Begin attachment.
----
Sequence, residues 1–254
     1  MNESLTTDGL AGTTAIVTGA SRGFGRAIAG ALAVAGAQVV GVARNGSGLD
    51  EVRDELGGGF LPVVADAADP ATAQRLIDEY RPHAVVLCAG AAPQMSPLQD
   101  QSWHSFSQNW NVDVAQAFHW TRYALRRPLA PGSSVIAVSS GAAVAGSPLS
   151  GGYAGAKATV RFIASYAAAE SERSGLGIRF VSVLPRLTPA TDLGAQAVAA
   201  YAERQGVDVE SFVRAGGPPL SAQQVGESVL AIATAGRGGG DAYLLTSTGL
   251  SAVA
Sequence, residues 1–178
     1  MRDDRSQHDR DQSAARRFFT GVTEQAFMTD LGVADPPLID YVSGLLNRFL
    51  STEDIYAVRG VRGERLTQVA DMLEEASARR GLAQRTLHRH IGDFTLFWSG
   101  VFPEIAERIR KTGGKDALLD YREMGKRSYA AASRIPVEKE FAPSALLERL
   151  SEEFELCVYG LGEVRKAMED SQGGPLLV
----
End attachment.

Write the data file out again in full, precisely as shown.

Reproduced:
Sequence, residues 1–254
     1  MNESLTTDGL AGTTAIVTGA SRGFGRAIAG ALAVAGAQVV GVARNGSGLD
    51  EVRDELGGGF LPVVADAADP ATAQRLIDEY RPHAVVLCAG AAPQMSPLQD
   101  QSWHSFSQNW NVDVAQAFHW TRYALRRPLA PGSSVIAVSS GAAVAGSPLS
   151  GGYAGAKATV RFIASYAAAE SERSGLGIRF VSVLPRLTPA TDLGAQAVAA
   201  YAERQGVDVE SFVRAGGPPL SAQQVGESVL AIATAGRGGG DAYLLTSTGL
   251  SAVA
Sequence, residues 1–178
     1  MRDDRSQHDR DQSAARRFFT GVTEQAFMTD LGVADPPLID YVSGLLNRFL
    51  STEDIYAVRG VRGERLTQVA DMLEEASARR GLAQRTLHRH IGDFTLFWSG
   101  VFPEIAERIR KTGGKDALLD YREMGKRSYA AASRIPVEKE FAPSALLERL
   151  SEEFELCVYG LGEVRKAMED SQGGPLLV